Small towns lend themselves to a particular kind of desperation, a feral desire among some of the young to move elsewhere and become their true selves, away from the naysayers and the predestined future born of a certain surname. Teaching most of my career in schools where everybody knew this was nowhere, I’ve shared with some of these students that, wherever you go, there you are. But for others, the only leavening was in the leaving. Dillard (Dill) Early, Jr., the main character of Jeff Zentner’s superb The Serpent King, is one such young man:
“Times are simpler when no one hates you because of your name and it doesn’t occur to you to be ashamed of it” (64).
Times are simpler when your father is known only as a Pentecostal minister in rural Tennessee, a handler of snakes and a drinker of poison. Simpler, at least, than having your father known as a convicted possessor of child pornography. Simpler than having to handle the snakes who hiss in the school hallways, simpler than the sadness that engulfs your mother with your father in prison. Simpler by far than the serpents of your family’s history that poison your mind and pin you in a place you know you need to leave.
The Serpent King is not just Dill’s story: it is also the story of Dill’s two friends and classmates, Lydia and Travis. Lydia, the hipster lifestyle blogger who seems oblivious to Dill’s desire to become more than friends. Travis, the gentle ginger man mountain who buries his own familial fear and sadness in the epic fantasy world of a book series. Lydia, destined for bigger and brighter things, struggles to help Dill and Travis find some of their own light.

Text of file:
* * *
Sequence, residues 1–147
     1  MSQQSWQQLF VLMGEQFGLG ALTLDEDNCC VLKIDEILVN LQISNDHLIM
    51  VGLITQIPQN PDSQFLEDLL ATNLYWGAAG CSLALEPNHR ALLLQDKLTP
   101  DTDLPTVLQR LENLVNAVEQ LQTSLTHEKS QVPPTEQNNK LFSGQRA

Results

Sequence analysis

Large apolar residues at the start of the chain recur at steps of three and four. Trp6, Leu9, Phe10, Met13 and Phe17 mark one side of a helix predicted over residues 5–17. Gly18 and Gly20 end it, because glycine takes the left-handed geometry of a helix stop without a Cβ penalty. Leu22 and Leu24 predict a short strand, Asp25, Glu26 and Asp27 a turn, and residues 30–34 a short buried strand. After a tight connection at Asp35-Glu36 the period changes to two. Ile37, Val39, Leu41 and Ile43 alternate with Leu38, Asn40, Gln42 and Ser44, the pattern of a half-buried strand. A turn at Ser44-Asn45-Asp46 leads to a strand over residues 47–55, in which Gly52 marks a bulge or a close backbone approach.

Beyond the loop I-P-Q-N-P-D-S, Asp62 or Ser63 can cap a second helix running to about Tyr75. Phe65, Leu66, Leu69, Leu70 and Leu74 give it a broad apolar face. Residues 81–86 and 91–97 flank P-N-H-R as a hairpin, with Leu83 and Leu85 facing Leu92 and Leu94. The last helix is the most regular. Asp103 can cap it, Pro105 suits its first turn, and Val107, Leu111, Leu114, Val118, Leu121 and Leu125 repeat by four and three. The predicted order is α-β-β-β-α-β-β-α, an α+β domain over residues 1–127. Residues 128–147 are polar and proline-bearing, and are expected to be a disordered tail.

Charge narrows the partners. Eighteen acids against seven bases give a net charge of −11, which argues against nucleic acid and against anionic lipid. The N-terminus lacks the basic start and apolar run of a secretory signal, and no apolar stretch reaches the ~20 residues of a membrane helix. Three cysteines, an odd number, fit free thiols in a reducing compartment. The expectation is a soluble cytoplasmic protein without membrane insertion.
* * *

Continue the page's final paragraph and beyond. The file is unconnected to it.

Zentner rotates his third-person narration among Dill, Travis, and Lydia, filling in the stories of their families and their friendship. Dill and Travis face the tough question of what we owe our families, especially when their dreams deny our own.
All three learn the painful truths about love and loss, including one of the ultimate truths: The truth about forever is that it doesn’t have to be spent here, but there is always a cost to leaving.